But where in the world could any of this stuff be put? So much of the privately held land in that corner of town is held by A. H. Belo, the company that still owns The Dallas Morning News and used to own WFAA. But maybe that could change. In a story that fell in the pond with amazingly few ripples, the News' own intrepid Brandon Formby came across city documents two months ago identifying the newspaper and television station sites as "potential redevelopment blocks." He quoted a mid-level Belo executive who has since left the company as saying, "There's a lot of ideas you could come up with for this site." But the executive assured Formby nothing definite was on the drawing boards.
Sure. But if you were holding a major investment in a regional daily newspaper today, would you be interested in a scheme that might allow you to rescue some of your money by selling the dirt beneath the paper at a really good price? Just saying.
I believe the real purpose of the toll road is to provide a discrete point of ingress and egress for the bustling recreation, convention and transportation center in the southwest corner of downtown that major land owners there have dreamed of for decades. And while I may be snide and negative about it, I am fully aware that the concept would resonate like hell with lots of people in this city. I think thousands of people out there would say, "Damn, man, why didn't you just tell us this is what that toll road is for?"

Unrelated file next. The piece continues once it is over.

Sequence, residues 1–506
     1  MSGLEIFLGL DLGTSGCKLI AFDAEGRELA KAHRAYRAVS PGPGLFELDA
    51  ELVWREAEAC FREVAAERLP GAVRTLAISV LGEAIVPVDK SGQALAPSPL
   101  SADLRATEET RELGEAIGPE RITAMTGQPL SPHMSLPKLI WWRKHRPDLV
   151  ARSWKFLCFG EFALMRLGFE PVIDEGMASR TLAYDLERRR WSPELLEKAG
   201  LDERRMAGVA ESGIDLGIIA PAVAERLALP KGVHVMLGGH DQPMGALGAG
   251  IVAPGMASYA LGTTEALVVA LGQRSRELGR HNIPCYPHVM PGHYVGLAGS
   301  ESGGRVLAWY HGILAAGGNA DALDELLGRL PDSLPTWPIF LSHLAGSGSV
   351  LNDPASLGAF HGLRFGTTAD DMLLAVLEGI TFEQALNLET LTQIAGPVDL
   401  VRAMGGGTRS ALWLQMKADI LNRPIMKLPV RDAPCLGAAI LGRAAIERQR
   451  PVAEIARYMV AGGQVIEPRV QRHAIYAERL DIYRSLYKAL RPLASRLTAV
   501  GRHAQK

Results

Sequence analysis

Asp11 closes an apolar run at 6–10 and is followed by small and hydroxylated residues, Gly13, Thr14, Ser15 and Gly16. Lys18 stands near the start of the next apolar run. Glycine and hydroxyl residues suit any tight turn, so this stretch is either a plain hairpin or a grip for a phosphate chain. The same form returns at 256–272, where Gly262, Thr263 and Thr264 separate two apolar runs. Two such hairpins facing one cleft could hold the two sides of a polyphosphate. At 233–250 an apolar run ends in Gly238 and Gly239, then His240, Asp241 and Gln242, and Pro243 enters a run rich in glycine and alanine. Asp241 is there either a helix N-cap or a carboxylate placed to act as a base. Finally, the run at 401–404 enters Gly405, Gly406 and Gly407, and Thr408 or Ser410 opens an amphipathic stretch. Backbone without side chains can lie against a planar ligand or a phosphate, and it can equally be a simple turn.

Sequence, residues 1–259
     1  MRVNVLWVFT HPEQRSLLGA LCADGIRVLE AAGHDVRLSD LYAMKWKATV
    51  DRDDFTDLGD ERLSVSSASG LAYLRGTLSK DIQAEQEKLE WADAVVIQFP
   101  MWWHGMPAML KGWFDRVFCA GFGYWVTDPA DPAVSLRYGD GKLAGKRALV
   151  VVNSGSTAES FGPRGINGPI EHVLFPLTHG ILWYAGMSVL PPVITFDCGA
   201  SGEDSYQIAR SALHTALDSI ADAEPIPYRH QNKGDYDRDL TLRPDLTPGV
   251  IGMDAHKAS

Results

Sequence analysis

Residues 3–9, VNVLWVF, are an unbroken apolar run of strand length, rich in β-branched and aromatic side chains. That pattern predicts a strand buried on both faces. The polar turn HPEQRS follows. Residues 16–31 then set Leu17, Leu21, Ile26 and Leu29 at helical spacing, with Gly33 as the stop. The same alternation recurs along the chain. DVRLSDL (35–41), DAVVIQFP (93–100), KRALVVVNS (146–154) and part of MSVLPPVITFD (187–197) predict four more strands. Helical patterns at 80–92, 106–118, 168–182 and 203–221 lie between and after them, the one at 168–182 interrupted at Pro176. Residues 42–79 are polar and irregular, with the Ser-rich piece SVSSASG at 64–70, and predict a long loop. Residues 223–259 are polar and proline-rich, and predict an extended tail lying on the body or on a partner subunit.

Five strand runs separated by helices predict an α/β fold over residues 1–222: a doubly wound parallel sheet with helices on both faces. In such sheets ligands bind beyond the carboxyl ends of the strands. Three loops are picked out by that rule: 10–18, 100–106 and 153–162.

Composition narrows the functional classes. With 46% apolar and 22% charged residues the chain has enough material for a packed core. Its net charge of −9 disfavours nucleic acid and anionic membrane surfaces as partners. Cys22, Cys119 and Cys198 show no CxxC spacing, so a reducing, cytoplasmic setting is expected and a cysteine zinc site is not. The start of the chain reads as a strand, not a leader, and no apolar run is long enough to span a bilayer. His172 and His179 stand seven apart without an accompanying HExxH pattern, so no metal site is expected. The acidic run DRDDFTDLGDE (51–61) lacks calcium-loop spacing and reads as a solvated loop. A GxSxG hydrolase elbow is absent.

Of course, it has never been the way of the Brahmins in the southwest corner to speak publicly about their plans. Since the Reunion Arena deal over a third of a century ago, they have trusted in the art of whispers behind closed doors. But times have changed. Maybe the city has gotten smarter. It would be hard not to get smarter than the city council that OK'd the original Reunion Arena deal.
The better bet now, even for lucky Brahmins, is to show some clean cards. They might even surprise themselves and win an honest game. I don't think the other option is healthy for anybody right now. That's what people are really tired of. It's not even the road. It's the insulting bullshit.